The problem was that the housing bubble and the subprime racket was being driven by a return to economic conditions that were more characteristic of the 19th than the 20th centuries. The free trade policies of the United States and Western Europe had lead by the end of the 20th century to a vast expansion of international trade, and the bringing into existence of a huge amount of new production capacity, with more new production capacity constantly being brought onto line in China. China had adopted the Singapore economic model, which emphasized savings over consumption, thus the expansion of production in China did not correspond to a vast increase in consumption which could soak up all of that production capacity. Instead of consuming the Chinese saved, and by saving created a vast hoard of cash, much more than the Chinese knew what to do with. At the same time the huge oversupply in production capacity drove international prices down creating a deflationary economic situation. From the viewpoint of Macro-economic managers like Alan Greenspan the housing bubble was a God sent since it masked the consequences of production over capacity. At the same time the housing bubble allowed the United States to soak up the excess hoard of cash that was driven by the propensity of Europeans and the Chinese to save rather consume. Thus the burden of consuming the world's over supply of consumer production capacity was assigned disproportionately to the American consumer.

At the beginning of the 21th century, Greenspan was warned about the danger of the housing bubble, but he disregarded the warning, From his perspective there was good reason for him to do so. Without the housing bubble the deflationary consequences excessive international production capacity would begin to depress the American and eventually the world economies. The housing bubble was a means of postponing the evil day when the expansion of Chinese production capacity would slow down, and the sub-prime mortgage market was a means of postponing the evil day when the expansion of the housing bubble would stop.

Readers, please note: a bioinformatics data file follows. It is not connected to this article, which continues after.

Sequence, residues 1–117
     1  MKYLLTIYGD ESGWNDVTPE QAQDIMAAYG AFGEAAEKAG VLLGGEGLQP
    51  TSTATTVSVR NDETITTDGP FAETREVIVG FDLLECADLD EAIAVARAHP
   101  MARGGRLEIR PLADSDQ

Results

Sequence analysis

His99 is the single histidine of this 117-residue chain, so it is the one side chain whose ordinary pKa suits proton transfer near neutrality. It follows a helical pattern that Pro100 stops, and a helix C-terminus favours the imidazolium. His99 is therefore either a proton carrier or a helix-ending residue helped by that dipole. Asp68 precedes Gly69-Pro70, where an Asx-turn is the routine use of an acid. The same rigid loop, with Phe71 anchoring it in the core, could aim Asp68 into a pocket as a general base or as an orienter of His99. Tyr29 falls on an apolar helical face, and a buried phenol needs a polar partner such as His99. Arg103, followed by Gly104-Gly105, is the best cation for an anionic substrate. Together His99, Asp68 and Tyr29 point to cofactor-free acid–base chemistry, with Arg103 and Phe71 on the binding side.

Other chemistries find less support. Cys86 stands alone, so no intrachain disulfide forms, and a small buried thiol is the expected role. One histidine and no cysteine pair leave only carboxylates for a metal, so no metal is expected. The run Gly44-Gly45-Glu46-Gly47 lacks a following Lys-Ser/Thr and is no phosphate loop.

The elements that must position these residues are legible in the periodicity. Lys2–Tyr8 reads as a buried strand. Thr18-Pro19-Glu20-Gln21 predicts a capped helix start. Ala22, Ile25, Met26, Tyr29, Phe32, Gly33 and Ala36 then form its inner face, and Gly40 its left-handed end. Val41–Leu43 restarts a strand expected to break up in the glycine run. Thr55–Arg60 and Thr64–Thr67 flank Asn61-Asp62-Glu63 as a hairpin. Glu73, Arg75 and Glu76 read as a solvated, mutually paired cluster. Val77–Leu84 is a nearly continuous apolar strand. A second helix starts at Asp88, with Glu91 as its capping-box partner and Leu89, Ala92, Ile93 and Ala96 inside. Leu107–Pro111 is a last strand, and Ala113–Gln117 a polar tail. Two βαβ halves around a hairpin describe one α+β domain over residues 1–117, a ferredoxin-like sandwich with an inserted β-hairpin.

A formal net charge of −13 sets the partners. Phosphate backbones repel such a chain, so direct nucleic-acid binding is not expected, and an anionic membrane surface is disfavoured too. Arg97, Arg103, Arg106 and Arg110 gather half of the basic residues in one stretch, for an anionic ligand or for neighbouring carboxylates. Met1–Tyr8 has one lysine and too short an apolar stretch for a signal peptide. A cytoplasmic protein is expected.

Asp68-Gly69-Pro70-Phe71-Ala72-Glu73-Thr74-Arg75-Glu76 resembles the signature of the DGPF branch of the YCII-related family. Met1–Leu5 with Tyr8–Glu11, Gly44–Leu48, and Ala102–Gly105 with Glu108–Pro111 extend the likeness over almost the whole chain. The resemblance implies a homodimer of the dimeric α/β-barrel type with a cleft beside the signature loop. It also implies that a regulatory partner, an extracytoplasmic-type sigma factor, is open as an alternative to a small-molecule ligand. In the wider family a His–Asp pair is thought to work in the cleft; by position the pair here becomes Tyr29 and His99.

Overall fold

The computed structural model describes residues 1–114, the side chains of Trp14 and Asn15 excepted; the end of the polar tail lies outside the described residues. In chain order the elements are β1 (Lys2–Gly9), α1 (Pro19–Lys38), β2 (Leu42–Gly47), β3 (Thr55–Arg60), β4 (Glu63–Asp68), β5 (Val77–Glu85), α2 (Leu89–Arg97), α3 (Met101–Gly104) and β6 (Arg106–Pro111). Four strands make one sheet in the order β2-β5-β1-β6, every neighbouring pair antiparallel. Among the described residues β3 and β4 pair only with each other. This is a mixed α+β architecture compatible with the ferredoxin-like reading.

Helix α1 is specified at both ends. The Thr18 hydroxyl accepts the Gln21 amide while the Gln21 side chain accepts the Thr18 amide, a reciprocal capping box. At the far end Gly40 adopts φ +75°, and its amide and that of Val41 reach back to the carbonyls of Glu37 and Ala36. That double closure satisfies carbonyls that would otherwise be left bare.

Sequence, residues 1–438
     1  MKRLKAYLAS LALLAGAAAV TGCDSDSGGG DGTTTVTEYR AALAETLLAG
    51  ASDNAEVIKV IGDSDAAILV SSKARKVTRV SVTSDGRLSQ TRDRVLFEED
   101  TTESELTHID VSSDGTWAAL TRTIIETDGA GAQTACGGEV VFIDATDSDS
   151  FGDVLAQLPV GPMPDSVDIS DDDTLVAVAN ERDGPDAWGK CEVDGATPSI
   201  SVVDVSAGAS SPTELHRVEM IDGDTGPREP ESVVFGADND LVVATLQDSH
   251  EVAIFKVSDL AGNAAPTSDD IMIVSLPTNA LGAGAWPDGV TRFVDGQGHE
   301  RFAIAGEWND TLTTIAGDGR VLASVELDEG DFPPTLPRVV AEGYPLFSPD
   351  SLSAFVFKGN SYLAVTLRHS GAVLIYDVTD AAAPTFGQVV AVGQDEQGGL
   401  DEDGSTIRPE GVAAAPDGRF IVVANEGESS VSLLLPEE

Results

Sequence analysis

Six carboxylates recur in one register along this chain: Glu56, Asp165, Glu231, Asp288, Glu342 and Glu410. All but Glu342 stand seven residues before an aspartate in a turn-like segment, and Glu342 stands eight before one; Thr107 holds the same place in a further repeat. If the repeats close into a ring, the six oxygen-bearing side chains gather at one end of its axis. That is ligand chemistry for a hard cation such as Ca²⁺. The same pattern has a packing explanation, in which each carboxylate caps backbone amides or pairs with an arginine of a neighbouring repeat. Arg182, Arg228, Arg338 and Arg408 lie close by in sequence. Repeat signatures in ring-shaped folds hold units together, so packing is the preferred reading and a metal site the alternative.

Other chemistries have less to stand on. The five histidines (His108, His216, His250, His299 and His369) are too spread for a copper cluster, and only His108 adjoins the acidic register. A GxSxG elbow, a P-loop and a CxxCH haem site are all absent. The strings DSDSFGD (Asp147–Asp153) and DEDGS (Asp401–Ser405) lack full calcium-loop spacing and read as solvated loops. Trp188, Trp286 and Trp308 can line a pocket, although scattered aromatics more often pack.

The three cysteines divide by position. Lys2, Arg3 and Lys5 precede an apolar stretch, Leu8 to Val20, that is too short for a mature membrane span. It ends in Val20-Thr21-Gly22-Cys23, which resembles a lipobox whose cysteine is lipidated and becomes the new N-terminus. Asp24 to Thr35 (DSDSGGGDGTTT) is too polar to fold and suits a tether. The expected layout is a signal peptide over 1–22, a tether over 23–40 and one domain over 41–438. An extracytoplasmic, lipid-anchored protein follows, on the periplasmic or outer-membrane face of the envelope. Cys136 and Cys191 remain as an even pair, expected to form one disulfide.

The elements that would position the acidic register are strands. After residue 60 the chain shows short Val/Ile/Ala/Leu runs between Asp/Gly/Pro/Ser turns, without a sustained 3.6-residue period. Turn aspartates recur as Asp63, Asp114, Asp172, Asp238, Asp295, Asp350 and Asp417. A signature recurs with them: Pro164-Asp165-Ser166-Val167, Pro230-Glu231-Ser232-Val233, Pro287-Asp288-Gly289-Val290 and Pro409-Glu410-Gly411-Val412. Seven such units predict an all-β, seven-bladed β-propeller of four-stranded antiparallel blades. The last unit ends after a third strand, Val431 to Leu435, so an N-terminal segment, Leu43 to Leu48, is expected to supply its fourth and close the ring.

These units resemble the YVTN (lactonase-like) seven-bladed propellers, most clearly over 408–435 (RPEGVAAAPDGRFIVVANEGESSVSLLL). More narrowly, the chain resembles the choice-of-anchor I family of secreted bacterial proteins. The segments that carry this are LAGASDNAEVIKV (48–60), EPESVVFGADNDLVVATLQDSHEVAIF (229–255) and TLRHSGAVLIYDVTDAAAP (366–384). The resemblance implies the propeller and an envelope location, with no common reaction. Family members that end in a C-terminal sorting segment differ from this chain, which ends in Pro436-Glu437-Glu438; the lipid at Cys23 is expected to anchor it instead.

Adam Smith teaches us that none of us are so wise that we can exercise management of an economy without unintended and undesirable consequences. The Chinese attempted to bring prosperity to their country, without sharing its fruits with the Chinese people. The result damaged the international economic order, upon which Chinese prosperity depended. A free Chinese labor movement with negotiated wages and benefits might well have increased the stability of the international economic order, and indeed Chinese society.

American society at the beginning of the 21st century was asleep and dreaming of a wealth, a prosperity and a power that was no longer possible. American economic policy was based on realities that if they ever existed, had long past. The dreams that that enthralled the American financial elite were dreams of great wealth produced by uncontrolled and unregulated economic activity. Unnoticed in the dream was the extent that the dreamers had turned to criminality in order to realize the dream. In the mean time the dreamers were unaware of the extent to the economic order of which they dreamed with such great confidence, was falling to peaces around them.

It is a foundational assumption of this blog, that wealth and prosperity in 21th century society is and will be based on abundant and low cost energy. Without energy human life becomes desperate and miserable. Today people are still dreaming about an energy order that no longer exists, or their dream has turned to to an ideal order that is both impractical and expensive. Few seem willing to measure their dreams by its cost. Few seem willing to ask how much will it cost to have the new dream realized and to ask how will that cost be paid. We are not being prepared for the struggle with waking reality. We are not yet prepared to acknowledge what that reality means. We need to look at the obvious, we need to look at facts, we need to acknowledge details before we begin to contemplate dreams.

1 comment:

donb said...

Charles Barton wrote:
It is a foundational assumption of this blog, that wealth and prosperity in 21th century society is and will be based on abundant and low cost energy.

We are living the proof of this today. Energy consumption in the USA (certainly oil) is lower a year or two ago. This is what the likes of Avory Lovins want. We have it, and it is not pleasant. Though I am not in dire staits, I certainly would like to see a situation where we are all more prosperous, with the resulting higher energy consumption.